Malaysia’s cosmopolitan cities have an impressive collection of restaurants from around the globe and expats wanting a taste of home won’t struggle to find familiar chain restaurants as well as fancy fine dining establishments. Street food markets also offer a wonderful opportunity to sample the delicious traditional Malaysian cuisine.


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With a largely Muslim and conservative population, alcohol doesn’t form a central part of the Malaysian social scene. Muslims are prohibited from consuming alcohol, but this doesn’t necessarily stop others from enjoying the occasional drink.

Alcohol can be purchased in most supermarkets in the major cities and tourist areas, but will be harder to find in more rural areas. There are even some areas of Malaysia that completely prohibit the sale of alcohol. Due to extremely high taxes levied against alcohol, expats will find that drinking is an expensive habit in Malaysia.[9]


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Public holidays in Malaysia[10] celebrate its diverse cultural heritage, and important dates on the Chinese, Islamic and Christian calendars are included. Some territories have additional public holidays in honor of significant regional events.

Traditional festivals are a colorful and exciting affair and offer an opportunity for expats to become acquainted with all the different ethnic groups that call Malaysia home.


New Year's Day – 1 January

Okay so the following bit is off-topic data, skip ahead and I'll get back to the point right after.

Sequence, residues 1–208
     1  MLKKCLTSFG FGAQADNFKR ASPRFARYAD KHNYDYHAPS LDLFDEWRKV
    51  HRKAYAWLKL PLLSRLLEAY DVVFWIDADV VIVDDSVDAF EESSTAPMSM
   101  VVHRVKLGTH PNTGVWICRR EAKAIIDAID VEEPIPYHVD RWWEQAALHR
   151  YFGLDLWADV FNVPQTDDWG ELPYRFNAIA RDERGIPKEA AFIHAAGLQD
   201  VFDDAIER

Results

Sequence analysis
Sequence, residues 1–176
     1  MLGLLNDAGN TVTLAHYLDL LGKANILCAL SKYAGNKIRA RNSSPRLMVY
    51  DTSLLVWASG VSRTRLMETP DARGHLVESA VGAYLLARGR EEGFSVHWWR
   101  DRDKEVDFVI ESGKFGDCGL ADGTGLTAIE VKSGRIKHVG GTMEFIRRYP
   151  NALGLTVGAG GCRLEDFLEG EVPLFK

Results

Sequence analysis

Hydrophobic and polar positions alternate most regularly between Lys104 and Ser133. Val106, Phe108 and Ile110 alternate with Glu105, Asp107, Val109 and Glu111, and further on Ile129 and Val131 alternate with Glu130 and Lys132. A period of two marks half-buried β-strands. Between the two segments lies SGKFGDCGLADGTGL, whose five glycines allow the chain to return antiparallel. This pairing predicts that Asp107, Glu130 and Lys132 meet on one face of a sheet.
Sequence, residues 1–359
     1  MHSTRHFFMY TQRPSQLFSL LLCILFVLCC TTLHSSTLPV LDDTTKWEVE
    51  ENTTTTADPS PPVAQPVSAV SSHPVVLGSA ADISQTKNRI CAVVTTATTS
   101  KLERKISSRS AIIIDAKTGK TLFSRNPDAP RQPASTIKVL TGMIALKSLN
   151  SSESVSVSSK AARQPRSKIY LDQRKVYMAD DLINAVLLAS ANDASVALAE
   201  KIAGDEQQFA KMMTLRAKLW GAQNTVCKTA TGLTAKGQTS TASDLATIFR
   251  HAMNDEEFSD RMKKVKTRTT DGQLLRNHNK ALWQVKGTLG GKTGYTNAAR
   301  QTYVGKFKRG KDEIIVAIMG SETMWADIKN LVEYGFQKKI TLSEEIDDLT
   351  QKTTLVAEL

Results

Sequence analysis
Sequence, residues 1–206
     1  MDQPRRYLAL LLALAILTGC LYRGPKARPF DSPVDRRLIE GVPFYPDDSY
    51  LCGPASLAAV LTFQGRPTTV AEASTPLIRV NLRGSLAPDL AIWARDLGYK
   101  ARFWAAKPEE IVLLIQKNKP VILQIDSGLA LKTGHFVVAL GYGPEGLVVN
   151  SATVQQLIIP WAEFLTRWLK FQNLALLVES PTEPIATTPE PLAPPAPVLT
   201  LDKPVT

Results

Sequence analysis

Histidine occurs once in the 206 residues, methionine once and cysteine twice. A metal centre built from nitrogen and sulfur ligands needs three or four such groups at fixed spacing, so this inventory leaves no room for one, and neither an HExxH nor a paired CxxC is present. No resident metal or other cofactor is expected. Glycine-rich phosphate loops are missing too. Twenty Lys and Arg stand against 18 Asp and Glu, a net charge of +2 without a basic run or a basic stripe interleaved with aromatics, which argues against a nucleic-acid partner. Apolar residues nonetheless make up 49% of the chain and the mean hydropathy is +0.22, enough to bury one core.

Chinese New Year – January/February (Depends on the lunar calendar)

Labor Day – 1 May

Wesak Day – May

Hari Raya Puasa – June (Depends on the Islamic calendar)

National Day – 31 August

Hari Raya Haji – August/September (Depends on the Islamic calendar)

Agong's Birthday – Date varies

Malaysia Day – 16 September

Awal Muharram – 21 September

Prophet's Birthday – November/December (Depends on Islamic calendar)

Christmas Day – 25 December


Malaysia’s telecommunications sector has experienced significant growth in recent years and expats will find it easy and affordable to keep in touch.

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Telekom Malaysia (TM) holds the monopoly on the landline network in Malaysia. Expats can apply for a landline at a TM office. Mobile networks are slowly expanding, with the landline market declining. The major operators include Maxis, Celcom Axiata and DiGi, which all offer competitive deals on pay-you-go and contract options [11]


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Internet speeds in Malaysia are notoriously slow and censorship is an ongoing issue, with websites and news sites routinely blocked by the government.[12] The most prominent service providers include TM Streamyx, Celcom and Maxis.


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Postal Services

Pos Malaysia is the national postal service.[13] The company offers various postal services, which have improved in recent years. There are also numerous private courier companies operating in Malaysia.


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The job market